The `Gothic` has alternatively been interpreted as a fantasy of the threatening return of a repressed past, as an exploration of the aesthetics of fear, or as a fascination with transgression and decay. In the late Victorian period, the Gothic takes on a distinctly new shape: The demonic villain is no longer (only) the intruding foreigner from some unenlightened (`Catholic` or colonial) backwater of civilization but very much part of the self. In our seminar, we will analyze this new development by reading and thoroughly contextualizing three major classics of the genre: Robert Louis Stevenson`s `Strange Case of Dr. Jekyll and Mr. Hyde` (1890), Bram Stoker`s `Dracula` (1897), and Henry James`s `The Turn of the Screw` (1898).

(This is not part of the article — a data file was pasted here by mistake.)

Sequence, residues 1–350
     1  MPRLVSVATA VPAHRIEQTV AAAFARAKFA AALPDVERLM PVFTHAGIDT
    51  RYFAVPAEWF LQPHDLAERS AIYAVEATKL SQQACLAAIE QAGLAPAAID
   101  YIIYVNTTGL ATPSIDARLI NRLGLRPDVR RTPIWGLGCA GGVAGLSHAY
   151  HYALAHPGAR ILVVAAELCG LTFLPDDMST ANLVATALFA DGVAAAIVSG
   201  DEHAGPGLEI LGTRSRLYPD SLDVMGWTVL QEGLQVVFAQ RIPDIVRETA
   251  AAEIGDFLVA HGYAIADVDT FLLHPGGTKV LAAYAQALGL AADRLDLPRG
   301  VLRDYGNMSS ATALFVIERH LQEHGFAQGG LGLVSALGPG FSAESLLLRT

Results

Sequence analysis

Robert Louis Stevenson, `Strange Case of Dr. Jekyll and Mr. Hyde`
Bram Stoker, `Dracula`
Henry James`s `The Turn of the Screw`

More primary and secondary material will be made available on moodle by the beginning of the semester.

Registration: The number of participants in this course is limited to 40 students. Please use the course moodle to enrol for this class. Enrolment starts on March 31st at 12 a.m.